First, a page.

Federal Government data released on Wednesday again confirms automatic CPI indexation of spirits tax is undermining its efforts to curb inflation.
Spirits tax will increase yet again on February 5 to a new high of $101.85 per litre of alcohol, off the back of the December quarter CPI increase.
Spirits & Cocktails Australia chief executive Greg Holland said it is the 74th such increase levelled at Australian spirits manufacturers, which were already paying the world’s third highest spirits tax.
“Inflation is still well beyond the target rate of 2.5% and we can safely assume that spirits excise remains a major culprit, because the ABS previously disclosed that spirits was the biggest contributor to rising alcohol prices in the September quarter,” he said.
“The Alcohol category was the biggest contributor to the December CPI quarter increase, accounting for a 2.8% rise.
“This was nearly twice the rate of the next highest category, Insurance and Financial Services (up 1.7%), even taking into account that insurance prices last year experienced their strongest annual rise in 22 years.”
Holland said the figures should compel the Federal Government to reconsider the automatic indexation of spirits excise, an archaic policy introduced by the Hawke Government in 1984.
“That was a time when Australians were mostly drinking cask wine and Foster’s. The Twelfth Man topped the music charts and Hey Hey It’s Saturday was considered to be cutting edge television.
“If this tax was appropriate back then, it certainly isn’t now. Our tastes have changed in every way, with more and more Australians appreciating spirits as their preferred tipple in mixed drinks and cocktails.
“We call on the Federal Government to freeze this unbearable tax at the current rate for two years so that we can all sit down at the table and discuss a workable solution.”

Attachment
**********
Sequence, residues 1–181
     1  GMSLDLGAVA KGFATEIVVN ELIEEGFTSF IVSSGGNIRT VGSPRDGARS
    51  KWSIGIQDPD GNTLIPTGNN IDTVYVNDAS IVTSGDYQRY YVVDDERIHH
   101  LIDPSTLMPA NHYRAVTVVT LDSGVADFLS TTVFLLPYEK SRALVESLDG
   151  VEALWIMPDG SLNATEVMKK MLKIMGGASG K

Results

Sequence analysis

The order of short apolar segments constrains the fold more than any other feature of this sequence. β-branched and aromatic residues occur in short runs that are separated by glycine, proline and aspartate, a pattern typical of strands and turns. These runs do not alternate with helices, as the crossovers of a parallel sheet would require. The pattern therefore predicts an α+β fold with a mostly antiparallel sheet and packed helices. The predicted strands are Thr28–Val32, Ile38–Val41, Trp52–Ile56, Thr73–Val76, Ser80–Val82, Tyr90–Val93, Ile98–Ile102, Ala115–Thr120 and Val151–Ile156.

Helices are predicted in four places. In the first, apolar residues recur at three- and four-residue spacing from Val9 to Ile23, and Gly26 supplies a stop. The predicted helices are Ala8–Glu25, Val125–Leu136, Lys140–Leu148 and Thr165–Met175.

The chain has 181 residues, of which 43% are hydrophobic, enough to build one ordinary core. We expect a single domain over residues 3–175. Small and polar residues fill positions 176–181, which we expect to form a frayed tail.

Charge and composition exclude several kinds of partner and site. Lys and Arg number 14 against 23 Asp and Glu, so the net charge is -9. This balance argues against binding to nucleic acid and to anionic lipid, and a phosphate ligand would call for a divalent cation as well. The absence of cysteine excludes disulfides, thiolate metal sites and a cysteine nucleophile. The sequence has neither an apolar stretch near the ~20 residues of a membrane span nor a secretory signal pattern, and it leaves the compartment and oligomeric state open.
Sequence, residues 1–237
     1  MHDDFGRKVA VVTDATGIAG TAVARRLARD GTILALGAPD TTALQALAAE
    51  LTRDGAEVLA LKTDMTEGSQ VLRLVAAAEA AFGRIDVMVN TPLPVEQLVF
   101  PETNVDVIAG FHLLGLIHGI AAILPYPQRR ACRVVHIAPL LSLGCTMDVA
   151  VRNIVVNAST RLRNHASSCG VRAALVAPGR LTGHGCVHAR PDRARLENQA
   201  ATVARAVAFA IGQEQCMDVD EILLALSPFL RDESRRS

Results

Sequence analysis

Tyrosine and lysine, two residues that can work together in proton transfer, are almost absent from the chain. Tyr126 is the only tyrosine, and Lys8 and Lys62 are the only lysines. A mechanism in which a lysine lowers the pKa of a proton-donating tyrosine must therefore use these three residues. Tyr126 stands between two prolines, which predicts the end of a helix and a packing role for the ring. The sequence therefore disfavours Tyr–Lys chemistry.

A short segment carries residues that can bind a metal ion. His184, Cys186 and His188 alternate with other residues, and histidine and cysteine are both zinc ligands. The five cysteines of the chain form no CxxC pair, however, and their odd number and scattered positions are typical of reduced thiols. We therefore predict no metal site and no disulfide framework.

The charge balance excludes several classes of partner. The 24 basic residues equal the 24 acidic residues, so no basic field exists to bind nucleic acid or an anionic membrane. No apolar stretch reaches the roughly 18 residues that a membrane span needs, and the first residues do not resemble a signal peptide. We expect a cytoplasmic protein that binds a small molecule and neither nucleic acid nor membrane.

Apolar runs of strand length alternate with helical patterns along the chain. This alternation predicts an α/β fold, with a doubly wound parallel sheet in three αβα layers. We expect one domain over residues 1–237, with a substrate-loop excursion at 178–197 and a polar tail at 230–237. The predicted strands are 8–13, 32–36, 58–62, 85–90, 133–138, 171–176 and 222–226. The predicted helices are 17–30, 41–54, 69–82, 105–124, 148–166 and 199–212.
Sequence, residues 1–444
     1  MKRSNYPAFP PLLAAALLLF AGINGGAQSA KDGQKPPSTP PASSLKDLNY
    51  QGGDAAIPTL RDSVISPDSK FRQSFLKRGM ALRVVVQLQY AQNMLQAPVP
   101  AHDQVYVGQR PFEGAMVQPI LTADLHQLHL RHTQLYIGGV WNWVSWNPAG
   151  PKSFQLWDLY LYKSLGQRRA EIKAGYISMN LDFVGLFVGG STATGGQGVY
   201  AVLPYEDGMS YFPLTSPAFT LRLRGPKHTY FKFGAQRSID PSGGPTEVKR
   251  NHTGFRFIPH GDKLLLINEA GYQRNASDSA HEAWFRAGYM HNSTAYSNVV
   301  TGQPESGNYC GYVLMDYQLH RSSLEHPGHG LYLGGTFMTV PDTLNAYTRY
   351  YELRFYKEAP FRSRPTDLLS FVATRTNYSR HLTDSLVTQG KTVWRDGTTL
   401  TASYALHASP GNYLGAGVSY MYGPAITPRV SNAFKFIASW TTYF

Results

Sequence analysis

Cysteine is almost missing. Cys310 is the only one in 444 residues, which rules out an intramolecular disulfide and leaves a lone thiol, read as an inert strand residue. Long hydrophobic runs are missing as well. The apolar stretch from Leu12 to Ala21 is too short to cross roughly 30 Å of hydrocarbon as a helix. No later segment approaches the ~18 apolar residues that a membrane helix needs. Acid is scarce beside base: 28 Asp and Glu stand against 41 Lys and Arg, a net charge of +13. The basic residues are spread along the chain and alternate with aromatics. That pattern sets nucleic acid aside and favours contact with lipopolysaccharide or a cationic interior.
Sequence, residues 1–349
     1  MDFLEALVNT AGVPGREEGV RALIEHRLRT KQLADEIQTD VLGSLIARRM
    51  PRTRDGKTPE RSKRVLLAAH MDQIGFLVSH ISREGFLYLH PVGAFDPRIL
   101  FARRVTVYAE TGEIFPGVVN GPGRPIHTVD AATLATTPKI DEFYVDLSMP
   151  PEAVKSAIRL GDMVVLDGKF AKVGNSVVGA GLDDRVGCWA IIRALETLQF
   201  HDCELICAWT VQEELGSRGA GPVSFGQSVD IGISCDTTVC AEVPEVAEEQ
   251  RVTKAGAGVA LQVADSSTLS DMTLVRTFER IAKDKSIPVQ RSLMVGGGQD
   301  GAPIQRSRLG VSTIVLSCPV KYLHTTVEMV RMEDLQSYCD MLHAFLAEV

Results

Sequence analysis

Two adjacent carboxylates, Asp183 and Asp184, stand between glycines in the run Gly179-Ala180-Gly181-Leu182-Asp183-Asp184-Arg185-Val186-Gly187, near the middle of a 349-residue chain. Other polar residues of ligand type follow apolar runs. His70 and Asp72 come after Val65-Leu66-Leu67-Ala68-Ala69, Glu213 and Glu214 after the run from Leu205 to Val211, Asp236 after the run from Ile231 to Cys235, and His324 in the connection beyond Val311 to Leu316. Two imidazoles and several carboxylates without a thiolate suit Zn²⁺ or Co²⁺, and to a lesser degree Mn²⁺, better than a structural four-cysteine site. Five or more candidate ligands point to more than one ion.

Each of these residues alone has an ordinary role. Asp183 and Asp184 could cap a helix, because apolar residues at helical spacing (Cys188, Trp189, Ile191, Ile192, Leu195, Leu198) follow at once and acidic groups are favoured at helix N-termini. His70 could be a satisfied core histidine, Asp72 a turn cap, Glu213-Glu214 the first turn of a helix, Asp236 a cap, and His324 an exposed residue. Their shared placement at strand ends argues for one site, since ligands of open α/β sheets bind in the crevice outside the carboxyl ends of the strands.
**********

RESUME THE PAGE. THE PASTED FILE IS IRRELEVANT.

Discriminatory tax must be frozen: Australian Distillers Association
Australian Distillers Association chief executive Paul McLeay said automatic indexation has opened up a chasm in pricing between spirits and other alcohol categories, which were taxed at a lower rate from the outset.
“The compounding effect of these six-monthly increases is now being felt with increasing severity by spirits manufacturers and consumers,” he said.
“Without intervention, the current alcohol tax system is increasingly discriminating against Australians who enjoy whisky, gin, vodka and other spirits.”
McLeay said there were only two distilleries subject to this tax when it was originally introduced.
“Now there are more than 600 spirits manufacturers affected by this archaic policy,” he said.
“Our industry contributes $15.5 billion in added value to the Australian economy, supporting 5,700 spirits manufacturing jobs and a further 45,400 jobs in spirits wholesale, retail and hospitality.
“The Federal Government must act now to safeguard our industry’s future by temporarily freezing this unfair and damaging tax.”
An existential threat: Manly Spirits (NSW)
Vanessa Wilton, co-founder of Manly Spirits on Sydney’s Northern Beaches, said the relentless tax increases threaten the very existence of Australia’s emerging craft spirits industry.
“Our margins keep getting eroded to the extent that we have to be very careful we don’t end up selling our products for nothing,” she said.
“My fear is that the craft industry will consolidate into just a few players and we will go back to the old days where Australia was only an importer of spirits.
“That would be incredibly sad, because this industry has so much potential to add value to the wonderful distilling ingredients we have in this country.”
Compromising regional jobs: Cavu Distilling (QLD)
Sunshine Coast distillery Cavu will focus on exports to limit its exposure to Australian spirits excise, according to co-founder Matt Hobson.
“We can’t continue to pass these costs onto consumers in the current economic environment,” he said.
Founded in 2019 nearby Queensland’s iconic Big Pineapple, Hobson estimates Cavu is now Australia’s third largest rum producer.
“We have worked very hard to ensure we can retain our existing workforce,” he said.
“Given these continued excise increases, it is clear that the Government doesn’t share our concerns.”
James Atkinson, Media & Communications Manager
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